When I find myself reading a well-written book with impatience or lack of attention, I know it's often because I've read too many similar books recently -- similar settings or similar tropes and sometimes it's just that I've had enough of a particular genre for a time.
That's when I put that book aside and switch genres for a while, refreshing myself by diving into something completely different.
Sometimes I've read a review of a book where, instead of criticizing the writing, the characters, or the way the plot unfolds, the reviewer criticizes the writer for using a particular trope, saying things like they're bored with regencies, or werewolves, or secret baby plots. That to me also says "jaded reader."
It can happen to us all. Recently I've been reading thrillers by male writers and English women's fiction, simply because I found myself starting, but not getting into, some romances by authors I normally love. The problem was not with the books, but with me. I needed to get away from romance for a while and plunge into something different. Refreshing my reading palate.
The choice of male thriller writers came to me because when I complained to a writer friend that I was feeling a bit bored with my reading lately, she said, "read some men—they write differently from women." I do, of course, read a lot of male writers—Bernard Cornwell and Terry Pratchett spring to mind— but she suggested some contemporary thriller writers to me, and I now find myself happily working through Lee Child's 'Jack Reacher' series.
Another friend—another romance writer—said she liked to read books from other cultures, that the rich and different cultural settings had the effect of refreshing her reading—and writing—palate. She cited books like The Kite Runner, The God of Small Things, Sacred Games and Midnight in the Garden of Good and Evil.
Other friends said they liked to read books from other eras — one liked books from the 1950's —a wide range of books from the same decade, from Asimov's science fiction novels to Kurt Vonnegut's social satires. Another regularly refreshed her reading palate with a P.G. Wodehouse comedy. A third loved detective novels from the so-called "golden age" of crime fiction (which I think is the 1920's to 40's)—Agatha Christie, Raymond Chandler, Dorothy Sayers, Ngaio Marsh and others.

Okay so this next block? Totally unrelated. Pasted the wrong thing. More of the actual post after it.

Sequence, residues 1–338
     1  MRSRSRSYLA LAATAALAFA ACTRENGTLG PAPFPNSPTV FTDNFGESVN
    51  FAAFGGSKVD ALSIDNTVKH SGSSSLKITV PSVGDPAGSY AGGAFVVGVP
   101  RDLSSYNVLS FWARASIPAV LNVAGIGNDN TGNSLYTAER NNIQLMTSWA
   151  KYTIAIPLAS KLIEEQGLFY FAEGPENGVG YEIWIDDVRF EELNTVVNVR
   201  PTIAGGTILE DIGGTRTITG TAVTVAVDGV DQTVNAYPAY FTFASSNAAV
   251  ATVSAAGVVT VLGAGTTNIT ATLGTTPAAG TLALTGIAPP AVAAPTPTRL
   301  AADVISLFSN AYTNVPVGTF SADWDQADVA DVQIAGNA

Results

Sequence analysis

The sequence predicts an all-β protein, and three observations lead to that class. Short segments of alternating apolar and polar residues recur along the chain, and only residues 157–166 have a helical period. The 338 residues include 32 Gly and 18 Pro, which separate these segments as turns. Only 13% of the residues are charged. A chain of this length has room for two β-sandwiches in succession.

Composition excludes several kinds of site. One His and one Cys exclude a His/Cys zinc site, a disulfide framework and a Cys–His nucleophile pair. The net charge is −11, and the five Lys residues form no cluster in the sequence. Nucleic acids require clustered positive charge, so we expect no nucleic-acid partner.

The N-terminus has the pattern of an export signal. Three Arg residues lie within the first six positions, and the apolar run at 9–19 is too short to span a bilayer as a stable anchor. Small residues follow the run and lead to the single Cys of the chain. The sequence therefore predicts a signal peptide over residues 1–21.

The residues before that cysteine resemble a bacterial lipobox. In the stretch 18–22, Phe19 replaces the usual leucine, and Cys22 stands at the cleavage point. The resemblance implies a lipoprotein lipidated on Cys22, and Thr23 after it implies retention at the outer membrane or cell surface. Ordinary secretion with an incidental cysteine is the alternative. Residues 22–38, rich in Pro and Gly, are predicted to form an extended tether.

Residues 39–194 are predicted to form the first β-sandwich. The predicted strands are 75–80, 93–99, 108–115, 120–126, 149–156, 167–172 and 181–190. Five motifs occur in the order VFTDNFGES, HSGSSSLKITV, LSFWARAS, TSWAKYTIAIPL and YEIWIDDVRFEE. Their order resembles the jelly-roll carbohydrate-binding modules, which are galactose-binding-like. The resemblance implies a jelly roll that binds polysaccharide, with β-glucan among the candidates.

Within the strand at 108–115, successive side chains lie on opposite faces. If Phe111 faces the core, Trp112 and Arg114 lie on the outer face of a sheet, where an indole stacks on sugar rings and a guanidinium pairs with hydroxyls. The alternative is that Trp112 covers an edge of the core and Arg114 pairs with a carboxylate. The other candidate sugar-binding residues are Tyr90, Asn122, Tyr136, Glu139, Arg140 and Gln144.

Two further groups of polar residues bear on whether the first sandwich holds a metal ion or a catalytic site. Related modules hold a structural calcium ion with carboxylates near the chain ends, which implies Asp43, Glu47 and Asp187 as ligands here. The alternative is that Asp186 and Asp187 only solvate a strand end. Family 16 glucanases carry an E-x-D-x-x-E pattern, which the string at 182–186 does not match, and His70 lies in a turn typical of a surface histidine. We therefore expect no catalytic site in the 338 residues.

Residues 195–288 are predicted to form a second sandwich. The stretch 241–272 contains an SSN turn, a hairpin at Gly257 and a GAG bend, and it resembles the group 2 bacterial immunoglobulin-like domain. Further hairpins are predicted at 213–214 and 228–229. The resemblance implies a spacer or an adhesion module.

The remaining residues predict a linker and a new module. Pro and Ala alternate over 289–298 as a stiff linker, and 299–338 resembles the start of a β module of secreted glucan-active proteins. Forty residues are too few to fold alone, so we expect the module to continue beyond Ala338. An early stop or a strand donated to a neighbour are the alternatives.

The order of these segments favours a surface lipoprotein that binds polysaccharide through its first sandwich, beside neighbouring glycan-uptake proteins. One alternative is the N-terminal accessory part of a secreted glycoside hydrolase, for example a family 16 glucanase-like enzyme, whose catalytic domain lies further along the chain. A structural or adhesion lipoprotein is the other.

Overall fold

I mentioned this to yet another friend (I am blessed in my friends) who told me her husband had recently been reading Raymond Chandler with huge enjoyment and kept wanting to share snippets. She shared a few that had stuck with her—and these are in her own words, so are not exact quotes:
— A female character who wore a hat that had been taken from its mother too young.
—Then there’s the big time boss who kept the hero detective squirming in his chair waiting, while he inspected a box of Cuban cigars for birthmarks.
—They looked shocked as if I’d just risen from the bottom of the ocean with a dead mermaid under my arm.
—She handed over the twenty dollars reluctantly, like she was giving me her favorite kitten to be drowned.
—The blonde squeezed passed me in the hallway and she smelled like the Taj Mahal looks in the moonlight.
So naturally now I'm going to have to dig out some Raymond Chandler novels. And it might be time I did a reread of some of my old favorite detective novels as well. I used to love Ngaio Marsh but haven't read her for decades.
And now I'm not feeling so jaded any more.
Do you ever become jaded in your reading habits? And if so, what do you do about it? And if you were suggesting something different for a jaded reader to read, what would you recommend? What are you reading at the moment? Any of the above listed authors or books take your fancy?